Chocolate bunnies, jelly beans, and cream-filled eggs! These are the candies we look forward to every spring. Easter is one of the biggest candy holidays, second only to Halloween. If you're looking to make a new tradition, here are a few ideas to add to your sweet celebration.
Easter Candy Parade
Bored with baskets this year? Try a sleek yet festive alternative to the traditional woven containers: Here, we filled glass food jars with Easter candy and white chocolate molds, and placed them on shining silver cake stands.
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Peel back the shell of these eggs and you're in for a sweet surprise! For an unexpected twist on egg decorating, these blown eggs are sterilized, dyed, and filled with a silky-smooth chocolate ganache.
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We're hatching a new set of treats this year (and they couldn't be easier to make). Flaky shredded coconut macaroons become the perfect "nests" for your favorite Easter candy. Nestled inside, you'll find bright jelly beans, malted chocolate eggs, and chocolate-covered nuts!
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These are inspired by the store-bought sugar-coated marshmallow treats you see every year (without naming names, they go, "Peep! Peep!"), except our homemade version makes them fresher, softer, and customizable in all shapes and colors!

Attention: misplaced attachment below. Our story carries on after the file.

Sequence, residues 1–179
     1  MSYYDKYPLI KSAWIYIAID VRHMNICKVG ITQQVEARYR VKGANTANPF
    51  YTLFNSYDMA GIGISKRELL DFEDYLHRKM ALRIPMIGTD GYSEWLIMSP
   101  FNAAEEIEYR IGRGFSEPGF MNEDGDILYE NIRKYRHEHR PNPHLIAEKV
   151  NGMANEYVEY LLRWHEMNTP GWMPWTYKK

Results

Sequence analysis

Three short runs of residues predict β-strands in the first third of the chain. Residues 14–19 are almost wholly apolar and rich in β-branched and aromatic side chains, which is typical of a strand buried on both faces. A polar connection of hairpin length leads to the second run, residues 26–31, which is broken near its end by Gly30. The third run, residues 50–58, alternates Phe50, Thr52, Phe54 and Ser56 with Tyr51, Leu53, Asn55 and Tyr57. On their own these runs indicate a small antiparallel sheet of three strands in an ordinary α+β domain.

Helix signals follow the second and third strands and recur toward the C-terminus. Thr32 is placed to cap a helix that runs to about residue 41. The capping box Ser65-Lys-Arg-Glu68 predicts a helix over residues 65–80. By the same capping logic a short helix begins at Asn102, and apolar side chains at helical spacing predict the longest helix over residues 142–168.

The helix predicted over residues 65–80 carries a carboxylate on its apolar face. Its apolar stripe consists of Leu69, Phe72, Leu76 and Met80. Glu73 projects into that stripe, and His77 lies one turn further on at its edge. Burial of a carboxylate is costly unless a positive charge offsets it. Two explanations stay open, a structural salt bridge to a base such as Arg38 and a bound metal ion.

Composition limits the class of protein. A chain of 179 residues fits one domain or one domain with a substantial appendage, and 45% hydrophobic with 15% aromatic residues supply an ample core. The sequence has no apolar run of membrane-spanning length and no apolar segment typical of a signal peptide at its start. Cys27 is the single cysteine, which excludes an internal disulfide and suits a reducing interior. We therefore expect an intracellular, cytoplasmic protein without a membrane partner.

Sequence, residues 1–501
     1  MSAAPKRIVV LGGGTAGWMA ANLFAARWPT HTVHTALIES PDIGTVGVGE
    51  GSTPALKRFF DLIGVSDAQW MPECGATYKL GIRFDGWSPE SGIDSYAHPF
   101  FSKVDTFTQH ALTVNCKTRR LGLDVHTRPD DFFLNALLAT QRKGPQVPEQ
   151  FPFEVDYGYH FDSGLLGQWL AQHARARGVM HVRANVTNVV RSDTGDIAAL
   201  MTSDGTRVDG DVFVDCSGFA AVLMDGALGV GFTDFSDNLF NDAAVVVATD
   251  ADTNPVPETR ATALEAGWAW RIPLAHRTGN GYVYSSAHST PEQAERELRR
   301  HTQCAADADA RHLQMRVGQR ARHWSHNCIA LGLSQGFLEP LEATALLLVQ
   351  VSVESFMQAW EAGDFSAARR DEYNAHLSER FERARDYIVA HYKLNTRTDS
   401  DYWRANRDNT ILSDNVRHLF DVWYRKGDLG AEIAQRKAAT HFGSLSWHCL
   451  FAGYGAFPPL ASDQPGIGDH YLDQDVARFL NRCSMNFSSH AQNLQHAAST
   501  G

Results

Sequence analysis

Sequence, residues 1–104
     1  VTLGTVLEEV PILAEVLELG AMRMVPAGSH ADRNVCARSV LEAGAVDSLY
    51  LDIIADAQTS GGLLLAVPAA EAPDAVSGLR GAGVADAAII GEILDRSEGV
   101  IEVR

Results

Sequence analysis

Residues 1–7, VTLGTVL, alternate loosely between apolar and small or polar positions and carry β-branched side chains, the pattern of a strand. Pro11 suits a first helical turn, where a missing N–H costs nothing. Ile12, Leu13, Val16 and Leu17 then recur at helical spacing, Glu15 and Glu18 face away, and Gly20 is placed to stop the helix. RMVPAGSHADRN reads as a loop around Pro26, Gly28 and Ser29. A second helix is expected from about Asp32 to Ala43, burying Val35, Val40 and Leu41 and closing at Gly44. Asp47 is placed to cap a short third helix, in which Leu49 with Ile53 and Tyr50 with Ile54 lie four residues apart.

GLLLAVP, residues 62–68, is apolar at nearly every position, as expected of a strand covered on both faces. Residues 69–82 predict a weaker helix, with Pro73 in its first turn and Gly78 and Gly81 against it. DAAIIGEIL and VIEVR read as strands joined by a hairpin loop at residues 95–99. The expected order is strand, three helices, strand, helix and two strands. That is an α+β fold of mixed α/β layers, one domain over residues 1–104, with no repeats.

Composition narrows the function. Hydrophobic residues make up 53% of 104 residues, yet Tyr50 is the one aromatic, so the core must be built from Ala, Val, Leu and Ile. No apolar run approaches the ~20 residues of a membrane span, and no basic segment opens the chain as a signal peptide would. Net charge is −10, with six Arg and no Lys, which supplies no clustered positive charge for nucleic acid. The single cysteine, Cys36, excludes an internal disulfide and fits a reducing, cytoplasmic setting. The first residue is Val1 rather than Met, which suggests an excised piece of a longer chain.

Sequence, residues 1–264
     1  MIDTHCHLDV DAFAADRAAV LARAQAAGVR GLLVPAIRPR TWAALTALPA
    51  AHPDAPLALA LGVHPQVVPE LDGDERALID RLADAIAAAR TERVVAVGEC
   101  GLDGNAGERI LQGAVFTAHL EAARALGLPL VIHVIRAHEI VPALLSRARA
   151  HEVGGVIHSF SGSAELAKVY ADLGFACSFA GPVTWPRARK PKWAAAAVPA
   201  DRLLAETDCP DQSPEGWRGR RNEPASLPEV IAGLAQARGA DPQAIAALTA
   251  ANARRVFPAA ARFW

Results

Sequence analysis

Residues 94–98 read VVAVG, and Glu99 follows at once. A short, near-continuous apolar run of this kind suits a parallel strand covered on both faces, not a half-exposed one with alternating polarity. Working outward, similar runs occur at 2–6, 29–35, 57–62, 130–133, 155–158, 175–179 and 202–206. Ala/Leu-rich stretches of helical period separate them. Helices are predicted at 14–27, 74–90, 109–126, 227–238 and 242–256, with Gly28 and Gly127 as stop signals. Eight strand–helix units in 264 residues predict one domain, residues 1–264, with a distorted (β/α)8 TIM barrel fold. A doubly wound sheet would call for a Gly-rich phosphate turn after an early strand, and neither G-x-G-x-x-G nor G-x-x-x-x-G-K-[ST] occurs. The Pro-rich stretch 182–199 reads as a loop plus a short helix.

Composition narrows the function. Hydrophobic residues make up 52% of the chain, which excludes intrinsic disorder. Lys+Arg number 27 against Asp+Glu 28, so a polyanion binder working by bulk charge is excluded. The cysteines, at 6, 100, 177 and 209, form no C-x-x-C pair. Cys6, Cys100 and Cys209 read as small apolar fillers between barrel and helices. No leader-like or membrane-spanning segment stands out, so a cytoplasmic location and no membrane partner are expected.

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Jelly beans? Make way for fruit jellies. They require only four ingredients; plus, you can mix and match with your favorite flavors. Think: apple juice and apricot preserves, grape juice and jam, or strawberry-apple juice and strawberry jam. Pull from your pantry to use what you already have on hand!
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Time to hippity-hop over to the stove! You can easily make your own colorful chocolate bunnies with white chocolate and food coloring.
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By springtime, everything is coming up roses! (Or daisies, as is the case here.) These sunny blooms are made with candied lemon peel and white meringue.
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These look like sunny-side-up eggs, but take a closer look and you'll see the surprise twist. The "egg whites" are made of piped meringue and the "yolks" are actually lemon curd.
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Speckled candy eggs are nestled into this crunchy, edible nest. What's it made of? We used a secret ingredient usually found in the frozen food aisle of the supermarket.
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If we've ever taught you anything, it's that there is more than one way to decorate an Easter egg. In fact, this recipe offers two ways! These truffles are marbleized with food coloring and coated in a metallic luster dust. Make a batch of one or the other -- or both! It's Easter, after all.
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